GI Radiology > Colon > Structural Abnormalities > Diverticulosis

Structural Abnormalities


Diverticulosis is a condition in which the mucosa and muscularis mucosae herniate through the muscularis propria of the colon wall and produce a saccular outpouching. The major risk factor for developing diverticular disease is a low-fiber diet. The incidence increases with age, being rare before the age of 40 and affecting 50% of people over age 75. Only 10-15% of patients will develop symptoms of the disease like pain, diarrhea, melena, or distention. Approximately 70% of diverticula occur in the sigmoid colon and 25% in the ascending colon. Most appear on the antimesenteric side of the colon, between taenia. Plain films and barium studies reveal diverticula as gas/barium-filled sacs parallel to the lumen of the colon. Most are 5-10mm in diameter, but may range from tiny spikes to 2cm. The muscular layer may appear thickened with a distorted luminal contour in CT. Patients are managed with fiber supplements and stool softeners.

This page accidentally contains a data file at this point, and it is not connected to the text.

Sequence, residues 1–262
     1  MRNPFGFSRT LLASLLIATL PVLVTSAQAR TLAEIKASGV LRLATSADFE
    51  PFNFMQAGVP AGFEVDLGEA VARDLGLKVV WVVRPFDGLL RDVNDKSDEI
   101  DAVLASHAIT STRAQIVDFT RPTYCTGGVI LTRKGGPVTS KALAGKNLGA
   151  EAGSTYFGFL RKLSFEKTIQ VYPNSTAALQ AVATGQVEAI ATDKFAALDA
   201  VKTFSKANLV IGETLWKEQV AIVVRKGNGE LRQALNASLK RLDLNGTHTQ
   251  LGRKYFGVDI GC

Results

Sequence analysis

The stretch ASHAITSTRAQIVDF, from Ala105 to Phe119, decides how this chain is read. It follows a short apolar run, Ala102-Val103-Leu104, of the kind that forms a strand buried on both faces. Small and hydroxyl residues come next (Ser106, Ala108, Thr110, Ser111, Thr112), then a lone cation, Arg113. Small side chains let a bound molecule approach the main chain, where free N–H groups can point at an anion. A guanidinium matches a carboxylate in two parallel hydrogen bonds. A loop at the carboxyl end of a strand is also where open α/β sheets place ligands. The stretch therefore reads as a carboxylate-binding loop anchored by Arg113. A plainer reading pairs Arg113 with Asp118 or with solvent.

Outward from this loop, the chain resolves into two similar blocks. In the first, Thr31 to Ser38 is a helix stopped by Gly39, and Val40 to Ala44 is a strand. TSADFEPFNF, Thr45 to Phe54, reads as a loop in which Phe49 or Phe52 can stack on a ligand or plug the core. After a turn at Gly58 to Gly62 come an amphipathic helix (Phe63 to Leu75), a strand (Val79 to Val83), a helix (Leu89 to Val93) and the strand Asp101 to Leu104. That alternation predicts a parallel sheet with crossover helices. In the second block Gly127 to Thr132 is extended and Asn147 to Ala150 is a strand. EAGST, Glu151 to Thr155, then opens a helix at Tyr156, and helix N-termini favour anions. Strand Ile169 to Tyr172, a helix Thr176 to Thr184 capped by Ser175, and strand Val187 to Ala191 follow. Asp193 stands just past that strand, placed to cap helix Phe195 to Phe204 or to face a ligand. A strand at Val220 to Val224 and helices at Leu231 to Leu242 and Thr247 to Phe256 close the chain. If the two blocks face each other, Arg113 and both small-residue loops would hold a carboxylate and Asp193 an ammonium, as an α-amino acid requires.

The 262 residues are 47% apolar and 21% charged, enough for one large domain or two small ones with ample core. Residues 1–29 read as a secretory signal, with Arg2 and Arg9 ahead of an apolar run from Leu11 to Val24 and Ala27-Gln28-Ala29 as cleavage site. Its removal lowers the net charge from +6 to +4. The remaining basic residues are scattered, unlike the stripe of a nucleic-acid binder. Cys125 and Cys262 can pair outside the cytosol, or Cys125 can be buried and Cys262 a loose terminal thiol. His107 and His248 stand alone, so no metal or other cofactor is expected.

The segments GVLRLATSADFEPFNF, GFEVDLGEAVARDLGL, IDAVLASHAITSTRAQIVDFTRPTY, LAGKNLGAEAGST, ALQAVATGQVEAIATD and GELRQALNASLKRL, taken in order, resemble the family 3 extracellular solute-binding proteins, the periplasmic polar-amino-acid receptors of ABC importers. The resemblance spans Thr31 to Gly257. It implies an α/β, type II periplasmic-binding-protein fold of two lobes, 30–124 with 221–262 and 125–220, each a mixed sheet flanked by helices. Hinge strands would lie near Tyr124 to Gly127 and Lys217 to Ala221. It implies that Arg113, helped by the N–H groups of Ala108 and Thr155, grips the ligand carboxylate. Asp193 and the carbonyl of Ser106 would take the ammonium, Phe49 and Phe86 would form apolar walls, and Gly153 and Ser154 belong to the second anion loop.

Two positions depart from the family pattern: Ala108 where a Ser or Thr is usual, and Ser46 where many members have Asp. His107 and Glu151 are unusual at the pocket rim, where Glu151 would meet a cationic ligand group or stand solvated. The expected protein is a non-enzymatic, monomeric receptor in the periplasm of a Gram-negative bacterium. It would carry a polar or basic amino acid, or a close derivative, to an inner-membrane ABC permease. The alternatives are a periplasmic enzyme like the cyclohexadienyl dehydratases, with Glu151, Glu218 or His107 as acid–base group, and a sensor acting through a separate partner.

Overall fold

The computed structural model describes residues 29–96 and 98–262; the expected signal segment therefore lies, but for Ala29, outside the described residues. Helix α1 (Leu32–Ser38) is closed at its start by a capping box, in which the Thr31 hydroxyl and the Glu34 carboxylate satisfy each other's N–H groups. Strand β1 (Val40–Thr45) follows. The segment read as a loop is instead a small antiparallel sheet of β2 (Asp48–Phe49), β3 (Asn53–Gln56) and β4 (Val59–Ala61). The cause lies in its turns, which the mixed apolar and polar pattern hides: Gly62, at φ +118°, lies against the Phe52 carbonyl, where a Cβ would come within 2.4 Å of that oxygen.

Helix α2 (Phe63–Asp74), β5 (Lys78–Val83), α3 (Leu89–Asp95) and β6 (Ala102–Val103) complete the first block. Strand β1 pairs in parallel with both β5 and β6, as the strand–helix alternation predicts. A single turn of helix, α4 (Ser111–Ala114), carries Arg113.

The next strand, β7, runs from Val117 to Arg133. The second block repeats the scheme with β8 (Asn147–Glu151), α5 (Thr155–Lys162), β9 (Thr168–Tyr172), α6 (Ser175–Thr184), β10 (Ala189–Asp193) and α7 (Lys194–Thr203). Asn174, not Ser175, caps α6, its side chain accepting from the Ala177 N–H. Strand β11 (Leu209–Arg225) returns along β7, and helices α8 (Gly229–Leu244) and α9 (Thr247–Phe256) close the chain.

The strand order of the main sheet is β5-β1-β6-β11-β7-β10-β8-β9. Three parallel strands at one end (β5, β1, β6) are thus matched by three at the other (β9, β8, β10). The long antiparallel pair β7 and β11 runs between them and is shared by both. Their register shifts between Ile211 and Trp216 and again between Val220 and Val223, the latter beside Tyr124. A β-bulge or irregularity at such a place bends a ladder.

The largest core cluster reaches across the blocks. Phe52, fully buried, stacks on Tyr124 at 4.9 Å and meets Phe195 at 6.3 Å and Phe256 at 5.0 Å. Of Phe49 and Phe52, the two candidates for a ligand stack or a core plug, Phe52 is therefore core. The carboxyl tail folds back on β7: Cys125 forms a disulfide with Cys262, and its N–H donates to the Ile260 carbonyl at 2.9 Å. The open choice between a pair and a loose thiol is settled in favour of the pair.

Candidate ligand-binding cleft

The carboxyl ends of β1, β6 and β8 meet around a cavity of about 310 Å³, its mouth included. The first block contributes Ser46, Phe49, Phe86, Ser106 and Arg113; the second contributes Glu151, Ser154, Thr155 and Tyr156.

Diverticula on plain film (arrows)


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